In the previous posting at http://blogs.technet.com/mniehaus/archive/2010/04/29/configmgr-2007-driver-management-the-novel-part-1.aspx, I mentioned that it should be possible to script the importing of drivers into the ConfigMgr driver store to help implement the “Added Predictability” (driver categories) and “Complete Control” scenarios by solving the duplicate driver import challenge using PowerShell.  So that’s the whole purpose of this posting.

Regardless of whether you want to use driver categories or driver packages, the same logic can be used to import drivers into the ConfigMgr driver store.  This assumes that you have your physical driver store arranged appropriately, using Johan’s blog at http://www.deployvista.com/Home/tabid/36/EntryID/82/language/en-US/Default.aspx as an example of how to do that.  The attached scripts really take it further than just a recommendation:  it’s a requirement for the script to work.  The script assumes that you will have a structure that looks something like this:

\\SERVER\DriverStore\XPx86\LatitudeD610\

\\SERVER\DriverStore\XPx86\LatitudeD630\

\\SERVER\DriverStore\Win7x86\LatitudeE6410\

\\SERVER\DriverStore\Win7x64\HPxw8400\

etc.

You can extract the script file from the Zip file attachment on this blog entry.  You can place the ImportAllDrivers.ps1 script wherever you like, but the SCCM.psm1 module must be placed where PowerShell can find it; see the comments at the top of that script for more details.

The ImportAllDrivers.ps1 PowerShell script needs to be modified to specify the UNC path of the physical driver store (it must be a UNC) and the UNC path where the driver packages should be placed (package source folders that should be created).  You also can specify whether to create driver packages by OS platform (e.g. “XPx86”) or by OS platform and model (e.g. “XPx86-LatitudeD610”).  If you want to use “Apply Driver Package” you’ll want packages per model.

So in the script, edit these three lines as appropriate:

$driverStore = "\\mdt-r2-sccm\DriverStore"

$modelPackage = $false

$packageSource = \\mdt-r2-sccm\Packages

The flow of the script is then like this:

  • For each OS and platform folder:
    • Create or retrieve the platform-specific driver package (if you don’t want model-specific packages)
    • For each model folder in the current folder:
      • Create or retrieve the model-specific driver package (if you do want model-specific packages.)
      • Create or retrieve a category name that matches the OS, platform and model (e.g. “XPx86-LatitudeD610”).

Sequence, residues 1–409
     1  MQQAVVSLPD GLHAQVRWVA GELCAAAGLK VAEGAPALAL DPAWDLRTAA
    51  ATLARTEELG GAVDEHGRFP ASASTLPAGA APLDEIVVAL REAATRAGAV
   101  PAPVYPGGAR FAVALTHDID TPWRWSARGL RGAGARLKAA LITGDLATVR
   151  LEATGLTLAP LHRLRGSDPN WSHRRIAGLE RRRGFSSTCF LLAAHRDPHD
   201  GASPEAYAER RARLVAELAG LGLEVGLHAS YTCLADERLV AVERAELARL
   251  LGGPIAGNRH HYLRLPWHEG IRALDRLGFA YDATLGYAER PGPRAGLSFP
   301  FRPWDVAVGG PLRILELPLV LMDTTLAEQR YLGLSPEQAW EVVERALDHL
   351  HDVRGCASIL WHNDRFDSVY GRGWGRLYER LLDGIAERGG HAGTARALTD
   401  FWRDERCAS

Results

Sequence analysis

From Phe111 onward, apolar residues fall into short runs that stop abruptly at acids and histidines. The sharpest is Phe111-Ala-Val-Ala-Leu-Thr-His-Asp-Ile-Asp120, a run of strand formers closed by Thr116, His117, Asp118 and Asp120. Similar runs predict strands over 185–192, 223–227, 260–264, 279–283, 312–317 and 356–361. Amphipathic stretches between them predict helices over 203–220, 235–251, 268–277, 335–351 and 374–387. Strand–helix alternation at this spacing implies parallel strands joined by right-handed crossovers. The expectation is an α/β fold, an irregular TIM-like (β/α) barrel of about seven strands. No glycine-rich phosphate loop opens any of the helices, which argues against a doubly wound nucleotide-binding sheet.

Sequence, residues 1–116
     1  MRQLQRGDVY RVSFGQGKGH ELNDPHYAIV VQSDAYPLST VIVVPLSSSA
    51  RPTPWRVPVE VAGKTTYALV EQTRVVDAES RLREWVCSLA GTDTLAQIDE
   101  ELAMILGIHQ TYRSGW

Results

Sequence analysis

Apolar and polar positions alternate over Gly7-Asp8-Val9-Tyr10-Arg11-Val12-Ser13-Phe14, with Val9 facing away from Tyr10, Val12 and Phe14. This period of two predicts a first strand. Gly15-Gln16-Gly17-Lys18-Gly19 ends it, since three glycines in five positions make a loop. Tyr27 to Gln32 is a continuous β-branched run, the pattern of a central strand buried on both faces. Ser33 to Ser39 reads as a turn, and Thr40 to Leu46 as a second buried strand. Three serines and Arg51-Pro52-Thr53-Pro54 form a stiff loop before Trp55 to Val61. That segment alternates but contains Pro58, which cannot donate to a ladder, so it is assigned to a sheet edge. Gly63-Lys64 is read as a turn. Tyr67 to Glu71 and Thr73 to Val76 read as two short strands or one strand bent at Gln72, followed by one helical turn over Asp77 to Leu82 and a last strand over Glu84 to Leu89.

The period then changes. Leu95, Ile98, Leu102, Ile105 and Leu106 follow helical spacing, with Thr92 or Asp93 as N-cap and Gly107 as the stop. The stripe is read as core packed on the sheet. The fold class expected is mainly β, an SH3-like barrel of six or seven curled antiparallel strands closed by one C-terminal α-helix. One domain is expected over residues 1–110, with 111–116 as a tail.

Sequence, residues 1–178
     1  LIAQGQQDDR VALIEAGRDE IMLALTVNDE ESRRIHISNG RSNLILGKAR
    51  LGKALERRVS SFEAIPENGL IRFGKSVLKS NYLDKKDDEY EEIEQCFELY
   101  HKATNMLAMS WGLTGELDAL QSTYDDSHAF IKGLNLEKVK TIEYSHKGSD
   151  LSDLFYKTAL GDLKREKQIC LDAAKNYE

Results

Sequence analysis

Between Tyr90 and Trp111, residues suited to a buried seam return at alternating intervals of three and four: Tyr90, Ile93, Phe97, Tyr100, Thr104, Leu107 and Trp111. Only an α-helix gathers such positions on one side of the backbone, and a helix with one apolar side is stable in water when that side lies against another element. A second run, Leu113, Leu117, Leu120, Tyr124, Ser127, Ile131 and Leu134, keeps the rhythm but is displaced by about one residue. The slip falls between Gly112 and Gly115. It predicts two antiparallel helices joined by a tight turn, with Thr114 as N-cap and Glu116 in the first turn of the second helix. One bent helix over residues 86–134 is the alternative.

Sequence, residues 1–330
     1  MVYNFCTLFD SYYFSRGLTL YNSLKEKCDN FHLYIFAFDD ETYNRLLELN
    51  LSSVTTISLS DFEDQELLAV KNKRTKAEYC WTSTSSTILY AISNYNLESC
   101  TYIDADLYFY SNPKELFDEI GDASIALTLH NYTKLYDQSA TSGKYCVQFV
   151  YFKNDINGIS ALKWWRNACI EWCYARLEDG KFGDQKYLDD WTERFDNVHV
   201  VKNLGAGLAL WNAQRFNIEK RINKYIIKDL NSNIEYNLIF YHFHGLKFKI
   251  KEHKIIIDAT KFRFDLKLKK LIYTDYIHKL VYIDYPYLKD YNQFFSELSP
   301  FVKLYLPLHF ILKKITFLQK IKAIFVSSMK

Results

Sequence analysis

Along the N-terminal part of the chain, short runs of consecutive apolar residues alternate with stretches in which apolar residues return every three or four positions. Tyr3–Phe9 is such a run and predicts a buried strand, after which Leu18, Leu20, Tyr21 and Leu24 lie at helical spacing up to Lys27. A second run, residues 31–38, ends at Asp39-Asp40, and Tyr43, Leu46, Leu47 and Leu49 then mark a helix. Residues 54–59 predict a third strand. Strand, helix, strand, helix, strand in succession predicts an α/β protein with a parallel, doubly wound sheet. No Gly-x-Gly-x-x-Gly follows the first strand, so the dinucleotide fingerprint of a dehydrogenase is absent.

• For each driver folder in the model folder:
        • Import the driver.  If an error is generated because of a duplicate driver, find the duplicate driver and process it instead.
        • Add the category to the selected driver.
        • Add the driver to the driver package.

Assuming everything works properly, when this script is complete you can then add the necessary steps to the task sequences (either “Auto Apply Drivers” steps with one specific category selected in each and conditions on each, or “Apply Driver Package” steps with a different package on each and conditions on each), distribute the new driver packages to the needed distribution points, and you’re set to go.

As I mentioned in the session, this script can be run multiple times and should be able to pick up any new folders or drivers added.  But it doesn’t contain any logic to remove extra folders or drivers – that’s still going to be a separate effort.

Also, don’t expect the script to run quickly – the process of hashing all the drivers and then copying them into the driver packages takes quite a while.  In my test VM which has drivers for about 20 different models of machines (which haven’t been cleaned up much at all) the script runs for hours.  If you think about it, you would typically never process that many drivers at one time – you would do this incrementally, probably one model at a time.  So the script is not really running that slow – it’s just doing lots of work.

That actually points out another effort that this script doesn’t help with:  Cleaning up the physical store.  For example, when I downloaded some “Windows 7 x86” drivers from the vendor’s web site, I also got x64 drivers that I might not have needed or already have downloaded separately.  I also got Windows XP and Windows Vista drivers that I might not need.  And then there’s all the other garbage (Windows Installer 2.x installers, videos, documentation, Linux drivers, MS-DOS drivers, etc.) that can also be pruned from the directory tree.  The end result of the downloads and extractions was 14GB of driver files (not including another 6GB from the actual self-extracting installers, but I threw those away), even though only about 10-20% of that is really needed.  Maybe someday someone will write a script or tool to help with the management of the physical store too.  That’s a much more complicated task though.